for the Helm repo option or, for a direct install:

microk8s helm3 upgrade --install btrix \

Note: Subsequent commands will also use microk8s helm3 instead of helm.

The default setup includes the full Browsertrix system, with frontend, backend api, db (via MongoDB), and storage (via Minio)

An admin user with name and password PASSW0RD! will be automatically created.

With Helm, additional YAML files can be added to further override previous settings.

Some possible settings can be changed are found in chart/examples/local-config.yaml.

For example, to change the default superadmin, uncomment the superadmin block in local-config.yaml, and then change the username ( and password (PASSW0RD!) to different values. (The admin username and password will be updated with each deployment). To change the local port, change local_service_port setting.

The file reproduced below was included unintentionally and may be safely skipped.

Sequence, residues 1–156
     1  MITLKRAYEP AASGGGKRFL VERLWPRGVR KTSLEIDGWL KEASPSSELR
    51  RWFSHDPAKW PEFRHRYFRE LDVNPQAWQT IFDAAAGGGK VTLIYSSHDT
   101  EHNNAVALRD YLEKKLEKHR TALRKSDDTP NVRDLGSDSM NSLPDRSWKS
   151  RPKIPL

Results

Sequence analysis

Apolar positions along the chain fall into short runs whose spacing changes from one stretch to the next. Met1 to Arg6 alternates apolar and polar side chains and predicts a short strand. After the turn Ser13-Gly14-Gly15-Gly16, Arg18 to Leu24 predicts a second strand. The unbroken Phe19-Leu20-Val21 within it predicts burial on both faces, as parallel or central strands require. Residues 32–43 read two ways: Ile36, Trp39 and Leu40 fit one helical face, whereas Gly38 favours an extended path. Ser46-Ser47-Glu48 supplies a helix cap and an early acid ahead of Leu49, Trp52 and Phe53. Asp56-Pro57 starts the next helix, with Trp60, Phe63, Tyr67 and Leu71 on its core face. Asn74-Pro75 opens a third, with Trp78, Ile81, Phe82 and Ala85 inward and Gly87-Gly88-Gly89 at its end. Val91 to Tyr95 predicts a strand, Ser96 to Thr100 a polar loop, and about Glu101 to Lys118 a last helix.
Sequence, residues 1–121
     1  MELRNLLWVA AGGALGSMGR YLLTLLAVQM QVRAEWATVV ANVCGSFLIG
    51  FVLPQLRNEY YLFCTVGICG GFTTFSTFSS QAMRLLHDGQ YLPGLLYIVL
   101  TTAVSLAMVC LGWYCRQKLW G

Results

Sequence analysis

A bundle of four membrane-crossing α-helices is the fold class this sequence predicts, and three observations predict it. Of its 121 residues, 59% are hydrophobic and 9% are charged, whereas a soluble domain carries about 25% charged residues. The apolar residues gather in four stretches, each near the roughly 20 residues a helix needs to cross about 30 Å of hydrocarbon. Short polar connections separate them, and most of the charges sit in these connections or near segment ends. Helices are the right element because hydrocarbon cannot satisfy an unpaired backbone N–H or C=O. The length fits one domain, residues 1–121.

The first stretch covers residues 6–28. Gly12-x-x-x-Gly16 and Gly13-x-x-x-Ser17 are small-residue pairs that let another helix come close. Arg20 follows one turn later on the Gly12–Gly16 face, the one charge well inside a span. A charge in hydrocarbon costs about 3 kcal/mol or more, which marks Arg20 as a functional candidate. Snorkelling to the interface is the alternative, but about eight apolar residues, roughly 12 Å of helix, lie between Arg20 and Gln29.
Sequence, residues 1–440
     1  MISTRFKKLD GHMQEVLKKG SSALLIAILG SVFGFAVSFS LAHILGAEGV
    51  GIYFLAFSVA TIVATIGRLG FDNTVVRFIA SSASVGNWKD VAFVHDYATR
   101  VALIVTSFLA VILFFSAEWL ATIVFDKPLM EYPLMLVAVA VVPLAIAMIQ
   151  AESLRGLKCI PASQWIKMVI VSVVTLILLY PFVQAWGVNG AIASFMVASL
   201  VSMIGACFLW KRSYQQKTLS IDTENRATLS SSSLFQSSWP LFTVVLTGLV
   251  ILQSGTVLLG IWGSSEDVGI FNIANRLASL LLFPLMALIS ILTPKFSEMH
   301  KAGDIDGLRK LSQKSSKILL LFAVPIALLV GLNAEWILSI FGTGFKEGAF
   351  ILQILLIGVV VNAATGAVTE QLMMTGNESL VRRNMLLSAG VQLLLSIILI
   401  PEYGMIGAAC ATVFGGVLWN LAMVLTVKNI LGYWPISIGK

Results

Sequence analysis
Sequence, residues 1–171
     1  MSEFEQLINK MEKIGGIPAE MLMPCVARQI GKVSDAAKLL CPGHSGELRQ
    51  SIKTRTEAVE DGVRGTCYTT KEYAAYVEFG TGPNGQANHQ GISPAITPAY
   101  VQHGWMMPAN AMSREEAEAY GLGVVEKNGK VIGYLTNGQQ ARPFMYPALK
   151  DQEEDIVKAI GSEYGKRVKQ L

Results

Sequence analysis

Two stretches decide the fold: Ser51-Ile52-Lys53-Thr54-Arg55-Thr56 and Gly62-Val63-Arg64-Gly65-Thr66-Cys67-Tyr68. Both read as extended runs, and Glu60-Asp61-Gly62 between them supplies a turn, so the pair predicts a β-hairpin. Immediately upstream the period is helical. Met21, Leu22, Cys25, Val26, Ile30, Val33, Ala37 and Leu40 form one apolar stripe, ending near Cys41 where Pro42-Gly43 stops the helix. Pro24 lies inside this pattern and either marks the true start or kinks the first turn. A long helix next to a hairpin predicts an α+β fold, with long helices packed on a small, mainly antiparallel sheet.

You can then redeploy with these additional settings by running:

helm upgrade --install btrix \
-f ./chart/examples/local-config.yaml

The above examples assumes running from a cloned Browsertrix repo, however the config file can be saved anywhere and specified with -f <extra-config.yaml>.

Waiting for Cluster to Start

After running the helm command, you should see something like:

Release "btrix" does not exist. Installing it now.
NAME: btrix
NAMESPACE: default
STATUS: deployed

After that, especially on first run, it may take a few minutes for the Browsertrix cluster to start, as all images need to be downloaded locally.

You can try running the following command to wait for all pods to be initialized:

kubectl wait --for=condition=ready pod --all --timeout=300s

The command will exit when all pods have been loaded, or if there is an error and it times out.

If the command succeeds, you should be able to access Browsertrix by loading: http://localhost:30870/ in your browser.

Minikube (on macOS)